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Aurora Mark

Eduard 1/48 Spitfire MkIXc

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While I'm researching the 1/48 Aurora, I needed to have a bit of a fun build. Where the Aurora is (aside from the vac shell) scratch built, I wanted something that was completely opposite. In so, I also wanted to pay tribute to one of my most favoured pilots, George Beurling. This will be the first of two builds I hope to do (the later one being his mount at Malta), so here it goes!

The Subject & The History

One of the most interesting pilots of any Air Force on any side was the sharp eyed Canadian, George "Buzz" Beurling. Most noted for his achievements in Malta, he was a pilot who, by all accounts, was someone who felt that his duty as a fighter pilot was simply to down as many of the enemy as possible, before it was his turn. Never one to shy away from answering questions exactly how he felt, Beurling was known to have some fairly memorable interviews on live radio (which I think to this day, the CBC is happy to forget about). He was not the story book ace that his superiors in the RCAF would have hoped for, as he really did march to the beat of his own drum. Intelligent, calculating, and very much a believer in flying the aircraft by instinct and intuition, he was, as many horrible cliches state, a loner. He studied, studied and studied the art of a fighter pilot, and truly believed that the methods being used to employ fighter aircraft caused the attacker to be hand-cuffed by regulations. Regardless, by those closest to him, such as Bob Middlemiss, he was an incredible man, fantastic pilot, and someone you were happy to have on your wing.

Despite his achievements, due to his nature and his attitude, he can be called the "forgotten Ace" much more than the "misunderstood Ace." For some time, it was seen almost 'un-Canadian' to call Beurling a Canadian pilot, as doing so would also bring to light his achievements. It was easier for many in the higher ranks of the RCAF, especially after his homeland tour helping to drum up continued support for the war effort, to ignor him, and associate him as an RAF pilot (as he flew with the RAF at Malta). It did not help any matters when even after the war, he was vocal in identifying himself as a mercenary, willing to fight other fights that he believed just, and getting paid to do so.

His eyesight and deflection shot were as legendary as his ability to cause the higher brass in the RCAF to look away and deflect any comments of praise about him. But no matter how you take Beurling, what cannot be denied, is that he was able to do things with his Spitfires, almost force them to go past their own capabilities, in order to win the battles, and press home successful attack after successful attack.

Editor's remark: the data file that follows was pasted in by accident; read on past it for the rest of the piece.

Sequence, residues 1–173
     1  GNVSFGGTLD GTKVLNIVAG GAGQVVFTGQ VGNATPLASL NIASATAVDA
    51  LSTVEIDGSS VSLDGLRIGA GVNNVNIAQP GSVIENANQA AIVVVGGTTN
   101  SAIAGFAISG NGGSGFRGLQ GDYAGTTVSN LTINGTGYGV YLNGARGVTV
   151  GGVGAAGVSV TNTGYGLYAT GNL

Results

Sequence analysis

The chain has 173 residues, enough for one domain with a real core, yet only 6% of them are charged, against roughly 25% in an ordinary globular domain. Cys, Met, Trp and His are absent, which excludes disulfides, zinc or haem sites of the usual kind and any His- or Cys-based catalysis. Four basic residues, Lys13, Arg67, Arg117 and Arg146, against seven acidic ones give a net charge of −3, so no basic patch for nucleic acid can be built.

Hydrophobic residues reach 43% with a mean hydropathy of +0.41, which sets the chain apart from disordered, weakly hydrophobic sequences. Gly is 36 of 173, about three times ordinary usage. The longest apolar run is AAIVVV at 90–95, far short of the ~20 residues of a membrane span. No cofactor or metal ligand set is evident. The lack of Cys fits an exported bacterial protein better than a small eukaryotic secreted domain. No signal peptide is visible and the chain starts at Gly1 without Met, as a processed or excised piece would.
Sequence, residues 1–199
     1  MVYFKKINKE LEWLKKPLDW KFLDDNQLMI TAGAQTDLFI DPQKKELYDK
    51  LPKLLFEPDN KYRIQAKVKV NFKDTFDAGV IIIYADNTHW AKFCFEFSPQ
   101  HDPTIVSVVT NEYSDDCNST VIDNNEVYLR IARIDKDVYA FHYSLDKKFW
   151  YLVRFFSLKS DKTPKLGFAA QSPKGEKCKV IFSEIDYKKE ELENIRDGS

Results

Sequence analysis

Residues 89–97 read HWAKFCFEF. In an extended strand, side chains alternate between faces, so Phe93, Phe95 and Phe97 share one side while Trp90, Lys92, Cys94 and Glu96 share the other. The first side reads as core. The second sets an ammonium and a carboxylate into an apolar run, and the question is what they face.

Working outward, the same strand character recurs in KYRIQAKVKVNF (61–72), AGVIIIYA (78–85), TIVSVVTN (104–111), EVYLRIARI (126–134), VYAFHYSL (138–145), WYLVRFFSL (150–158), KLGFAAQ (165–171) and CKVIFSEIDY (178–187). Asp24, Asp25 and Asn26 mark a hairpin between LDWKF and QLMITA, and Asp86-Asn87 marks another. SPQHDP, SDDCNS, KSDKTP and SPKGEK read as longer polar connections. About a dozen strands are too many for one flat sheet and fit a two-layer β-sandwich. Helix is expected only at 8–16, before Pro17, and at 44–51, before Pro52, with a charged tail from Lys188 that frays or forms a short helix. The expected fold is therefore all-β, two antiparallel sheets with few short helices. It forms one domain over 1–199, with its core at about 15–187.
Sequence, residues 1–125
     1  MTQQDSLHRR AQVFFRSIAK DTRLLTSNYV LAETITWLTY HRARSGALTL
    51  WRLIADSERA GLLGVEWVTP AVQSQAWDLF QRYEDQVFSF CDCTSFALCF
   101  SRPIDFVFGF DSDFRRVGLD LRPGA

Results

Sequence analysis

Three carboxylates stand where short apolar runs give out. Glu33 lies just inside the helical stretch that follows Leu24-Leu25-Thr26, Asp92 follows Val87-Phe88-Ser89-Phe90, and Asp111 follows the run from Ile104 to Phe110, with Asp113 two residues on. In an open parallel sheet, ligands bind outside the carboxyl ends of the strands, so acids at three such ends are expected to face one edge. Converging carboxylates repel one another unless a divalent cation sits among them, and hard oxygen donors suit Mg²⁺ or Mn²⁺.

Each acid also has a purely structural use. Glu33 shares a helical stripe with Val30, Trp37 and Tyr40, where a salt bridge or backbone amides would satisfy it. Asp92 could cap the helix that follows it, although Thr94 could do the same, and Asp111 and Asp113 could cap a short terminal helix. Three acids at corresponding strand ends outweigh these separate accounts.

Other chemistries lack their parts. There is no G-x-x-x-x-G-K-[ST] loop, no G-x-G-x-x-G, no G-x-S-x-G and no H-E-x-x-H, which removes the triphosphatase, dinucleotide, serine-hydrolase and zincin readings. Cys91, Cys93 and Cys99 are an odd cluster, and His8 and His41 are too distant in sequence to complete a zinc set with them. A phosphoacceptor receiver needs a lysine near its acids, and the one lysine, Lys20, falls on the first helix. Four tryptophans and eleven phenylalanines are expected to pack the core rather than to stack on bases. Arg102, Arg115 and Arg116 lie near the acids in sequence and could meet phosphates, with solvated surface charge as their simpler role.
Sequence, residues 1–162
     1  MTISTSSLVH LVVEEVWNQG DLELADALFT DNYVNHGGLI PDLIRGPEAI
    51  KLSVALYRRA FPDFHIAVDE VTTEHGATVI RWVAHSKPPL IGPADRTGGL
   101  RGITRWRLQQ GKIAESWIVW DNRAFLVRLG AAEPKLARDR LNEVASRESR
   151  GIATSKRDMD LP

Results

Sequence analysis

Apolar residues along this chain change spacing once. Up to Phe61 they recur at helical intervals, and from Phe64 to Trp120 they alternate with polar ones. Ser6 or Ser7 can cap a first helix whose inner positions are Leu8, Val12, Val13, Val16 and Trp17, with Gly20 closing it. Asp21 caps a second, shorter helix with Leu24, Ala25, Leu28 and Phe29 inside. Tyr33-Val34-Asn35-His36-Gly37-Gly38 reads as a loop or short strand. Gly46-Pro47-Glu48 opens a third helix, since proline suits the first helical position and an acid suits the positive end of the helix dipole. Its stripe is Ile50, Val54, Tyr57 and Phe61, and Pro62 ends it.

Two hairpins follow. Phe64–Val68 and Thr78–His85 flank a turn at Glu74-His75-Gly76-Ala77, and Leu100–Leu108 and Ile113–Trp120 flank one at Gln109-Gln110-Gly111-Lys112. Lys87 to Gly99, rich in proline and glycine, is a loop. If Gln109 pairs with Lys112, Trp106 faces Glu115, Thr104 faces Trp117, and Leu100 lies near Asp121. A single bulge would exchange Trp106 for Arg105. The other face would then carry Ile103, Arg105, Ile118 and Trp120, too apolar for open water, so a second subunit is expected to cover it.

The aircraft I plan on building will be his Spitfire XIc, MH883, in the markings of "VZ-B" of 412 Squadron, RCAF, of the 126th Wing, at Biggin Hill, in January of 1944. This aircraft was his final mount before returning home and being honourably discharged.

The Kit & Extras

As the title says, I will be building the Eduard 1/48 Spitfire MxIXc (late) Profipack Edition (Kit No. 8281):

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The Markings will be done using the fantastic set from Montex Mask, Super Mask set K48181, Spitfire MkIXc inteded for the Hasegawa Spit:

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The set come with paint masks for Beurling, as well as decals representing 30 kills, and full paint masks for Chef Denys Boudard of 340 Squadron FAF, France, June 1944:

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I will also be using dry transfer stencils from HobbyDecal to get the finer stencils and markings on the model as well:

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As for the AM Extras, like I mentioned above, I'm going to have my fun with this one:

The Landing Gear will be made using sets 648119, smooth tire 5-spoke wheels, and 648124, the brass cast landing gear legs and resin gear covers:

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I have to say I was REALLY impressed with the brass legs, and the fine detail of the resin castings:

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The fuselage is going to have a few things added to it as well. Here I will be using Brassin sets 648120 for the radio compartment, and 648099 for the exhaust stacks:

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As well, there will be sets 648112 for everything forward of the firewall, and 640100 for the cockpit:

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I have to say that I was INCREDIBLY impressed with the quality of the resin casting by Eduard. I was grinning like an absolute idiot at this point, and these poor, blurry photos will show what I mean:

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I had heard a lot about the fabric seat belts, and thought I would give them a try. When I picked up the Eduard belts, I was on the fence as to whether to get these, or the fantastic set that so many praised from HGW. But, it was Eduard, and I also picked up an improved prop from D.O.C.: